Annie's Sad - I'm Delighted; Bleeding Heart ... but Annie Lennox Is Redeemed by Her Soaring Voice
Byline: Tim de Lisle
Rock music, usually so good at bringing people together, still hasn'treached the point of treating male and female performers alike. Boys form bandswhile girls go it alone - often with a team behind them of mostly malemusicians, songwriters, producers and managers. Women in music, Annie Lennoxsaid last week, have 'a totally different experience' from men.
Her own career first broke the mould, then slipped into it. She originally hitthe charts as the singer in a band, the Tourists.
Then she fronted Eurythmics, the best male-female duo rock has known. But for15 years now she has been solo, apart from a brief Eurythmics reunion.
Solo means more in her case than most.
At 52, she makes no bones about being single following her divorce from thefather of her two teenage daughters. And ten of the 11 songs on her new albumare written by Lennox alone, which is highly unusual.
To listen to any of her records, even the covers album Medusa, is to feel youare getting to know her. A singer who has adopted dozens of guises in the pastnow presents herself with what appears to be utter sincerity. Which meansplenty of sad songs. On her last album, Bare (2003), there were tracks calledLoneliness, Bitter Pill, The Hurting Time and The Saddest Song I've Got. Thistime there's Dark Road, Lost, Ghosts In My Machine, Through The Glass Darklyand Smithereens.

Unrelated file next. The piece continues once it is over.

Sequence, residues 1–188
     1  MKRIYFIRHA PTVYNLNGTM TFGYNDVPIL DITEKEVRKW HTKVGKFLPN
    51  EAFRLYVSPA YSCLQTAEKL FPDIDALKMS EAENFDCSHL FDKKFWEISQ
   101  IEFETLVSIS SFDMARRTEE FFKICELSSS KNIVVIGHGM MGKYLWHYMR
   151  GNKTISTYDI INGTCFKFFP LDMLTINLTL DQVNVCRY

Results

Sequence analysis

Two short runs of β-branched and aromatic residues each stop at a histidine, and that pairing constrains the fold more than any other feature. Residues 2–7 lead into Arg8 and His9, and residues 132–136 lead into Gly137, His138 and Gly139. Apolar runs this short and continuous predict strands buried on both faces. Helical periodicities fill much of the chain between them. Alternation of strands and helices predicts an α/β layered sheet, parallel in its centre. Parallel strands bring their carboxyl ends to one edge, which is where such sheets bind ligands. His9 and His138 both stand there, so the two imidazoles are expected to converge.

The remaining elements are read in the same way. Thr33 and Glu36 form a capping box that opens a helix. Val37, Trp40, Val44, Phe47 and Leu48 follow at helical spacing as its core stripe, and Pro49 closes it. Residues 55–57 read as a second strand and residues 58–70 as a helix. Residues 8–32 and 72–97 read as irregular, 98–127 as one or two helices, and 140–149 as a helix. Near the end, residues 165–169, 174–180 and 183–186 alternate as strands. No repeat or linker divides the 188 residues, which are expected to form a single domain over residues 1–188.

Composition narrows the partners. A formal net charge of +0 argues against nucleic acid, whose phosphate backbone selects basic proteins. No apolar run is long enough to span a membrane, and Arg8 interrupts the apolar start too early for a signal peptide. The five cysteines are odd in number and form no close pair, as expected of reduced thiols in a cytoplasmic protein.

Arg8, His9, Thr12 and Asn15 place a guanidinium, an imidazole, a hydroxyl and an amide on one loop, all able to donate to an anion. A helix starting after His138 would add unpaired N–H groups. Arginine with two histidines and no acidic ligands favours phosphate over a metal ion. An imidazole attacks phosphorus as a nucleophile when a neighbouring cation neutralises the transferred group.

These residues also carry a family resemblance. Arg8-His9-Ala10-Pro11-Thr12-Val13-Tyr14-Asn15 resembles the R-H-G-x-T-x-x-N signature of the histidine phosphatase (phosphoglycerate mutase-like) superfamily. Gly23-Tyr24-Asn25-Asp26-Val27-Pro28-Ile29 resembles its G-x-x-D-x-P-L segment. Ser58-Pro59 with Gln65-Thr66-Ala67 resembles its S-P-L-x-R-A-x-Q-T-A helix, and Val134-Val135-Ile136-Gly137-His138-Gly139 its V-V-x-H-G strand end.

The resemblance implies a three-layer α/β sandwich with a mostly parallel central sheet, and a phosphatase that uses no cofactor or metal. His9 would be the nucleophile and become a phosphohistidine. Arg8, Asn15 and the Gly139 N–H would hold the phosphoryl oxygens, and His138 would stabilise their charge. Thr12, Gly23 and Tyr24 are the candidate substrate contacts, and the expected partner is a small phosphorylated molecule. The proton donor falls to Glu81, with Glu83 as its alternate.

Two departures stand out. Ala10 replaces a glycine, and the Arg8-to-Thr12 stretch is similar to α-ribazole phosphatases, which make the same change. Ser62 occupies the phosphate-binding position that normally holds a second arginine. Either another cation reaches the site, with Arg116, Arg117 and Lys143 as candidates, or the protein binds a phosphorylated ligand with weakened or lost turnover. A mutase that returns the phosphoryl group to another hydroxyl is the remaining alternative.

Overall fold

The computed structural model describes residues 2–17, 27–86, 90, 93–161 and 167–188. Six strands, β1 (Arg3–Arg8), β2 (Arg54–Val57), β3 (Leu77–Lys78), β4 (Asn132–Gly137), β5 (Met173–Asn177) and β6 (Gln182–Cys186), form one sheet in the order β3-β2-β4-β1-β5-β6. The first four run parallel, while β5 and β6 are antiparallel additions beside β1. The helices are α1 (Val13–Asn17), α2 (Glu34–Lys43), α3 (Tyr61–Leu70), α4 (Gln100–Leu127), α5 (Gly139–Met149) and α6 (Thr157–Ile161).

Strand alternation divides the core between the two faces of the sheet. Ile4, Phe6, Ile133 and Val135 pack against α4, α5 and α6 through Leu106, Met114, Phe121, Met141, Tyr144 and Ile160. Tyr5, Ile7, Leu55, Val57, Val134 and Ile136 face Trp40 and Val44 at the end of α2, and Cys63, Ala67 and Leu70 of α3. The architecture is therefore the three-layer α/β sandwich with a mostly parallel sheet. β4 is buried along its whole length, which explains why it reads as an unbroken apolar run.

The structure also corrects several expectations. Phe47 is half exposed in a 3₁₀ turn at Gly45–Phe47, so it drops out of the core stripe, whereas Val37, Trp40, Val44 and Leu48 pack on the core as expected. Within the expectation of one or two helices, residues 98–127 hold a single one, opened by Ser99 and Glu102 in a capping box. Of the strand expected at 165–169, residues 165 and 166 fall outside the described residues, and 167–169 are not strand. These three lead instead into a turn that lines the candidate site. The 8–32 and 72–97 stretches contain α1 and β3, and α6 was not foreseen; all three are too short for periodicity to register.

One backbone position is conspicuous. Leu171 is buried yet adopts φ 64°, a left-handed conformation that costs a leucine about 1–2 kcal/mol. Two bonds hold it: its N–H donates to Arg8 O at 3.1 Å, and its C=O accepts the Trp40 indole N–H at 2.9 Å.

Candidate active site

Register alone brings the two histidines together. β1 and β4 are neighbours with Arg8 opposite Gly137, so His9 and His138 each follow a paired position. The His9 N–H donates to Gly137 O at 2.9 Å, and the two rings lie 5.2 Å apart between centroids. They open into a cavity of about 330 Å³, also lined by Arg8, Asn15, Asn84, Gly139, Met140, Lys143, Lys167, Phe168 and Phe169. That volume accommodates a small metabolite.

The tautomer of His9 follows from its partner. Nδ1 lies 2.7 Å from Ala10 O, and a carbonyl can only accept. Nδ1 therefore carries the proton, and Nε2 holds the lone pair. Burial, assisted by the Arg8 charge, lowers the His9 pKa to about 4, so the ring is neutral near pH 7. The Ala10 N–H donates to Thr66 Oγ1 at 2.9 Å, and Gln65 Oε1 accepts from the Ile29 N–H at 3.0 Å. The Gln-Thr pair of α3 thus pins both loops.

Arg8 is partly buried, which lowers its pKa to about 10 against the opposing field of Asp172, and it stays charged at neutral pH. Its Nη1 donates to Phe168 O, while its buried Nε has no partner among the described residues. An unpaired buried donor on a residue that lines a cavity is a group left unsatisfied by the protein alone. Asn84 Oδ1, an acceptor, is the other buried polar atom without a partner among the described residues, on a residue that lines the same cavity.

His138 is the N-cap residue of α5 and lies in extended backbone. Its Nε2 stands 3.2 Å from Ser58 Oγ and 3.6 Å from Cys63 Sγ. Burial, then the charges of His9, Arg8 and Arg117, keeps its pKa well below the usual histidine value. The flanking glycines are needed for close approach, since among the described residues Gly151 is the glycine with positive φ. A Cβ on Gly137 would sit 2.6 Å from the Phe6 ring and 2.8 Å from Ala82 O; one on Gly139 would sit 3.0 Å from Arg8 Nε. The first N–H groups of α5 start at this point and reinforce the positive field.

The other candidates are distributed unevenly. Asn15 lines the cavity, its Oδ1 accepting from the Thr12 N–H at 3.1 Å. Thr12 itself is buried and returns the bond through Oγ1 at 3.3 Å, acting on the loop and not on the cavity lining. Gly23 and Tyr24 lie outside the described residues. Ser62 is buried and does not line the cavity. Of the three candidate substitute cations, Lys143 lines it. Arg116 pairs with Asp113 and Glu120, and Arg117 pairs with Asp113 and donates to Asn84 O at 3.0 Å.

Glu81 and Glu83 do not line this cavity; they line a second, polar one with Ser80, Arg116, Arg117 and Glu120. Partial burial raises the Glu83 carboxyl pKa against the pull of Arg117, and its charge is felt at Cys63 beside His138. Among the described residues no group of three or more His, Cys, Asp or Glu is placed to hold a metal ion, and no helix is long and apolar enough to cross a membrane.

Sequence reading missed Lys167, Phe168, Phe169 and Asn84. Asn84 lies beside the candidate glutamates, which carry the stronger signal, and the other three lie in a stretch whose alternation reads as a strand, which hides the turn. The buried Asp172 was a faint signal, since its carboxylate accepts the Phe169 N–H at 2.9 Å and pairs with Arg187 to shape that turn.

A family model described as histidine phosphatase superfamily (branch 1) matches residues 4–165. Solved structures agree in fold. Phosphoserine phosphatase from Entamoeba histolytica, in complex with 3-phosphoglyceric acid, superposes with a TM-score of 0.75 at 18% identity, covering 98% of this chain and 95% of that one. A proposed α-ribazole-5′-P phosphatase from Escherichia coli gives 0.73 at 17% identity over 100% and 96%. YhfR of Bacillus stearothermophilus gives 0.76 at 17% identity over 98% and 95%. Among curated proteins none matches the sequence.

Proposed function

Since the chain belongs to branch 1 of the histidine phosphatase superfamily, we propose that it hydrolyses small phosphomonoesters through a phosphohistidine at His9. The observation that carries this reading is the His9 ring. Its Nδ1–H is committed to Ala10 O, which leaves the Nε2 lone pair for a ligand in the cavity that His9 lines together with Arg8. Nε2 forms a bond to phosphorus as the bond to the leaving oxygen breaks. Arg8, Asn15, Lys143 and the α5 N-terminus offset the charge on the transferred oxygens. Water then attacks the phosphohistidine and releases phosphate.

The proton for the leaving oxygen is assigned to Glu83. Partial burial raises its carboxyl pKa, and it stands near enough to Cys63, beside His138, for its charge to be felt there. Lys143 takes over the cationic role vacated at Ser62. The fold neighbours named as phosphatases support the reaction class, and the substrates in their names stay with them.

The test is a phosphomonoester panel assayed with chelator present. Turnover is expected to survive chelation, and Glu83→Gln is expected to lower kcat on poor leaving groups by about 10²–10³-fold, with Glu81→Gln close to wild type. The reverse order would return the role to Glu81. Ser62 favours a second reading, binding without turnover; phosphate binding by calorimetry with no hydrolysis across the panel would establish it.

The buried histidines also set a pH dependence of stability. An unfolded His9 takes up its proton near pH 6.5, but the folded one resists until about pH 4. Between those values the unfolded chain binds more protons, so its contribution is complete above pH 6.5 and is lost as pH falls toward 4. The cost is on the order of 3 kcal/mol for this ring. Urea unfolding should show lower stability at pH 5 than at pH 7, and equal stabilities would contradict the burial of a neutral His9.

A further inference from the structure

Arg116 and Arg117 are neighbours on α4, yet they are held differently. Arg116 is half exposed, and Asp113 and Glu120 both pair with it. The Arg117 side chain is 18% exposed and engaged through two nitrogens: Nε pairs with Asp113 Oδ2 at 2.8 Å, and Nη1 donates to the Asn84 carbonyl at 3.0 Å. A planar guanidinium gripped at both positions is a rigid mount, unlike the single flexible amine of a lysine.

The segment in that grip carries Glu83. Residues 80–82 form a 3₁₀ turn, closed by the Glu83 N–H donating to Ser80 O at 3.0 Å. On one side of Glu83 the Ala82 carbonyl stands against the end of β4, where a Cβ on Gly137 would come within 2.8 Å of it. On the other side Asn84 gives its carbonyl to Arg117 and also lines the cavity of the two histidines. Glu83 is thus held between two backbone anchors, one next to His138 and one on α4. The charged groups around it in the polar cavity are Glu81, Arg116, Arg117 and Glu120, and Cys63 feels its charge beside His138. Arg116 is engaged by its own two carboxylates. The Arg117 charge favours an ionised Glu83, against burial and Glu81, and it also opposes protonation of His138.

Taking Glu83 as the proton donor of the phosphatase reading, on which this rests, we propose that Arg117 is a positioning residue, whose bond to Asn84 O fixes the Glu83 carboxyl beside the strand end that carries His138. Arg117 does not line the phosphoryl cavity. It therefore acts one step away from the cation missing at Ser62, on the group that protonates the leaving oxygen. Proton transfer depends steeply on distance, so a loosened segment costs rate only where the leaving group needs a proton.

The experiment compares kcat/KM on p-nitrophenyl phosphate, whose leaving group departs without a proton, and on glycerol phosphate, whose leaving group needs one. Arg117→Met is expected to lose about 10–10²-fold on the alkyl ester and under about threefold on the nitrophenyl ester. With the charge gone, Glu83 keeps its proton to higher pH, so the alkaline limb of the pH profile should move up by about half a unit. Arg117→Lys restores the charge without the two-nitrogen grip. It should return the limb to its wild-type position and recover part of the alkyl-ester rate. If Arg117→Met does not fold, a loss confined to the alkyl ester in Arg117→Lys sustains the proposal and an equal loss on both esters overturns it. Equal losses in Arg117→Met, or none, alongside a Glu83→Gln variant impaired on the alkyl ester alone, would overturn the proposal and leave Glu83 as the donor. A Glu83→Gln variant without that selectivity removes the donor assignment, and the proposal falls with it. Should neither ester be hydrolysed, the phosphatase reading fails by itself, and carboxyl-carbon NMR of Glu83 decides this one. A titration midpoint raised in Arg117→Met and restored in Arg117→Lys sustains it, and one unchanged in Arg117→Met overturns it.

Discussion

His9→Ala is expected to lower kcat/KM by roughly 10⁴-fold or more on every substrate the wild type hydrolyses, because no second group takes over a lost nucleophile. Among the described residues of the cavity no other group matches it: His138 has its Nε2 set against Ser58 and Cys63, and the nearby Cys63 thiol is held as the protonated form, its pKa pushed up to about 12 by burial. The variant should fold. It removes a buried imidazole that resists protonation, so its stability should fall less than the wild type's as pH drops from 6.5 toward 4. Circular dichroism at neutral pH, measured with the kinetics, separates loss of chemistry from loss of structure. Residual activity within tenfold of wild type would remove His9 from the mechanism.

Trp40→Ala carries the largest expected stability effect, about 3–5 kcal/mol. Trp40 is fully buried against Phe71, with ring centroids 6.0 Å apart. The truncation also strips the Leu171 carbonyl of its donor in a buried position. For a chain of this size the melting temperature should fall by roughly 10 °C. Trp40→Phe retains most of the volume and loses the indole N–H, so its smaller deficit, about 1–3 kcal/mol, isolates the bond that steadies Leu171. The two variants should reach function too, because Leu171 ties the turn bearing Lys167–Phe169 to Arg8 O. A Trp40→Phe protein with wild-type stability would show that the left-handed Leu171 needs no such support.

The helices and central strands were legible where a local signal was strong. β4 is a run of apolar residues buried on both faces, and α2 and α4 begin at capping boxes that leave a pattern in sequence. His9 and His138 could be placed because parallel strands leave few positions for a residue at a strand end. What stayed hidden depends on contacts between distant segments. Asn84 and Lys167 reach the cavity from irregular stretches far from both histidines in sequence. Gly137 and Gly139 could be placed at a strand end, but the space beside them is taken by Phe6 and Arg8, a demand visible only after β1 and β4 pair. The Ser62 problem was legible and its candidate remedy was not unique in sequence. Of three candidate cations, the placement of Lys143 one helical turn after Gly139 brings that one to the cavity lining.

Some of her troubles are personal, others political. A veteran campaigner forliberal causes, Lennox knows it can be a drag when pop stars give lectures, butgoes ahead anyway. The lyrics could be roughly summed up like this: 'Woke upthis morning, thought about climate change again.' She gets away with it bybeing unmistakably serious. At Live8, she shone in distinguished companybecause she clearly knew what she was talking about, and felt it, andchannelled that feeling into the music.
Here too, her bleeding heart is redeemed by her soaring voice. …